Keep a Health Journal:
A simple and effective way to increase your own awareness of your overall health, and especially your breast health, is to keep a health journal
or calendar. Noting down dates will help you see your overall health picture more easily. A good way to do this is to use a small pocket calendar. Carry the calendar with you on vacations and while traveling, so that your record will be accurate. Bring the health journal with you to medical appointments, so you can answer any questions.
Breast Self-Exam (BSE):
Note the date that you do your monthly breast self-exam
(BSE). If you are pre-menopausal, pick a date that is a few days after your period ends. If you are peri- or post-menopausal, pick a regular monthly date for doing your BSE. If you notice changes, write those down. Many changes in the breast are related to hormonal cycles, so when your estrogen and progesterone levels increase, so will your breasts. When your hormone levels drop, your breasts may return to a normal state.
Keep a record of your menses, so you will be more aware of what phase of the cycle you are in. Mark each day that your period is in flow. Breasts may become tender and a bit swollen during your period. If you are menopausal, and have any spotting, bloating or pain, note those times.
Write the dates of your most recent screenings in the calendar, too. Mark the dates of your mammograms, ultrasounds,
pelvic exams, PAP smears, chest x-rays, and any blood tests you may have had.
Surgeries and Lab Results:
List any surgeries you've had, with the type and date of each procedure. If you know what kind of anesthesia you had, and your reaction to it, include that information, too. If lab tests were done in relation to the procedures, note the results.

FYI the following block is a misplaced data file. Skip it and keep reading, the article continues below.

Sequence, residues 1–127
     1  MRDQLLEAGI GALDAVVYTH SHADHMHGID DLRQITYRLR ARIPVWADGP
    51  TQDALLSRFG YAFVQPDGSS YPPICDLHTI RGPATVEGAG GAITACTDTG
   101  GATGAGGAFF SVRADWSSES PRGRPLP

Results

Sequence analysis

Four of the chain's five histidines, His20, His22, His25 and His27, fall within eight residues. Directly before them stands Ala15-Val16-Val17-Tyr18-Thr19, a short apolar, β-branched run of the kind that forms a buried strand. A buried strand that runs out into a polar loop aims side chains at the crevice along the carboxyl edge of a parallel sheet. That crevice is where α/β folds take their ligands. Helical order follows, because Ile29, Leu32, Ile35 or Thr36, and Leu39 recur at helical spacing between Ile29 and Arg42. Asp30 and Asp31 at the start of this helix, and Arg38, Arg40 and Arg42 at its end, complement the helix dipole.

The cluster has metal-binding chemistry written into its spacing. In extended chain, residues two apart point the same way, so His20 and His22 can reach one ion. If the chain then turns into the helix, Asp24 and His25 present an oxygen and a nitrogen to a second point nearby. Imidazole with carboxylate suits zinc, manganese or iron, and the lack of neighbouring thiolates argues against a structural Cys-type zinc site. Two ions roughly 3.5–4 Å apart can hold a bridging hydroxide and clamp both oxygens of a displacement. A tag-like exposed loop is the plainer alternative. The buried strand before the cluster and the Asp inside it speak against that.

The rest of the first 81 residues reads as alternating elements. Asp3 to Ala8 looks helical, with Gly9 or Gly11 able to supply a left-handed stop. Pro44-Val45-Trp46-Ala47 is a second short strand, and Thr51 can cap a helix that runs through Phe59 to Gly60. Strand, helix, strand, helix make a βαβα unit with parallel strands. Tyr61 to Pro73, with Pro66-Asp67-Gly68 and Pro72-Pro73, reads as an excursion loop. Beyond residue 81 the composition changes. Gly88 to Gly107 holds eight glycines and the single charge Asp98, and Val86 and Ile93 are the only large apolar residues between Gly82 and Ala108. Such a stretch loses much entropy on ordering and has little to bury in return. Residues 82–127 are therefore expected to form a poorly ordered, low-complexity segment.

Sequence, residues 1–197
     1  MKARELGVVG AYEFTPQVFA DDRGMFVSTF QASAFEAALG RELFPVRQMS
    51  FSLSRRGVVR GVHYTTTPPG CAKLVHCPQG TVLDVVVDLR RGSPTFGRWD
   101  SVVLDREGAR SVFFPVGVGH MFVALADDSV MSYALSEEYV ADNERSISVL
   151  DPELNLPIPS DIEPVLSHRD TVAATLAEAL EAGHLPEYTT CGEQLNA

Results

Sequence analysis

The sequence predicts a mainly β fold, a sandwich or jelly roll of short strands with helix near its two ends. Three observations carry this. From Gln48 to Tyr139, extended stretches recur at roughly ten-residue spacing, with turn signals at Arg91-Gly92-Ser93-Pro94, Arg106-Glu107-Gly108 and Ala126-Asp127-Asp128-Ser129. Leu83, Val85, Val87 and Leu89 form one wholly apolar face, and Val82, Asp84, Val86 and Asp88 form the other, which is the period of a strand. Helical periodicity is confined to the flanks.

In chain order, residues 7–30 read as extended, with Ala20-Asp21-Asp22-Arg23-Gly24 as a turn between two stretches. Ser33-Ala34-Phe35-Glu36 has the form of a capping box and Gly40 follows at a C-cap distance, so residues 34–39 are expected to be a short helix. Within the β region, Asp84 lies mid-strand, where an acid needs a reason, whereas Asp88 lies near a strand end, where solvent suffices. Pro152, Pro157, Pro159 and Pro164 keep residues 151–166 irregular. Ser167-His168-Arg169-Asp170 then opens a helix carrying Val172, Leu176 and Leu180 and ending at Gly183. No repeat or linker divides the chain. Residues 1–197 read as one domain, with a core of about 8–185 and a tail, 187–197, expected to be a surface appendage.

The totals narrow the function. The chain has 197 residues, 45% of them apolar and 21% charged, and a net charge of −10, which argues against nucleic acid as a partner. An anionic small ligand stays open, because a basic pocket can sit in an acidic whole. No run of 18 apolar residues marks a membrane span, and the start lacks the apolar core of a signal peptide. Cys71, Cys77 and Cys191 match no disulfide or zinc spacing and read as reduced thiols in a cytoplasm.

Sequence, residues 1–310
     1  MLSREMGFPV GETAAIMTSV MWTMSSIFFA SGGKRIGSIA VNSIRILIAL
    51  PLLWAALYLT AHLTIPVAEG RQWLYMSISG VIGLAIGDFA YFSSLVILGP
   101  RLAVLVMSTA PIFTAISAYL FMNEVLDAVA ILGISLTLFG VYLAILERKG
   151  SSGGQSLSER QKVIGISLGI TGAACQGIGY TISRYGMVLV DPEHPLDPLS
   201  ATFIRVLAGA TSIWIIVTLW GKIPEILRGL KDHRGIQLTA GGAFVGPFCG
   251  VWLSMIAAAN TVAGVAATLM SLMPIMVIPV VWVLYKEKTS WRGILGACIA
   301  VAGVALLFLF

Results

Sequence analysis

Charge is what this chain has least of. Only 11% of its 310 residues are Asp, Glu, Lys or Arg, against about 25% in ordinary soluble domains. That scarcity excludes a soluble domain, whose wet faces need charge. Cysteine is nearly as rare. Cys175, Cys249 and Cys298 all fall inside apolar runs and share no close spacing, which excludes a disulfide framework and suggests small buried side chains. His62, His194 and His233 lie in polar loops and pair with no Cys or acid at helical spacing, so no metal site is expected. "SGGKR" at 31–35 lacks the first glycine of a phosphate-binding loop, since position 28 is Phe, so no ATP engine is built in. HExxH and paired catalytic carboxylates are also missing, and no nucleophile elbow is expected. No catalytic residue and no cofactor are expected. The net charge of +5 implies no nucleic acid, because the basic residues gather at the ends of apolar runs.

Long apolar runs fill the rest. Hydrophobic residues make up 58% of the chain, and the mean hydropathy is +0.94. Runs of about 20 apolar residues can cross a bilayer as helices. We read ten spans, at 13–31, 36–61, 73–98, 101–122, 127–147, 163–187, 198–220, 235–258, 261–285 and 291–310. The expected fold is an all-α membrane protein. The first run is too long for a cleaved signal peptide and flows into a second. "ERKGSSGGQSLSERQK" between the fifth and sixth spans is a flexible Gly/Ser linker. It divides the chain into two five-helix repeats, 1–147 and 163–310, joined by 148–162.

Record the dates of flu shots or tetanus shots in your health calendar for easy reference. Make note of any other injections that you've had.
Current symptoms and/or concerns:
If you're headed for a medical appointment, write down your symptoms. Those could include: fever, aches, pains, swelling, bleeding, visual disturbances, vomiting or nausea. If your concerns are less specific, try writing a descriptive analogy, such as: "It feels like my energy leaked away, like air going out of a balloon."
Medications and Vitamins:
Make a list of any medications that you are taking, including prescriptions, supplements, vitamins, and over-the-counter drugs. Take the list with you to any doctor's appointments, so you can give an accurate account of your medications. This can help you to avoid drug interactions if you are seeing several different doctors. If you are going to have any surgical procedures, some supplements, vitamins and medications must be discontinued beforehand because they may thin your blood.
Health Background Details:
If you're starting out with a doctor that is new to you, these background details would be very helpful to take along to your first appointment:
- Past medical history
- Past surgical history
- Allergies (pollen, mold, dust, medications, etc.)
- Adverse reactions (drugs, treatments, etc.)
- Use of drugs and/or alcohol
- Smoking history
- Sexual activity (active, celibate, preference, contraception/condom use)
- Family health history
- Exercise (how much and how often)
- Diet and nutrition
Increased Awareness and Better Health:
You can be your own best friend by keeping watch over your own health. Having a clear, accurate record of your body's cycles helps you compare changes if they come up. Talking with your health care team becomes easier if you have a concise health record to refer to during a consultation. Keep a health journal
to stay on top and increase your health awareness.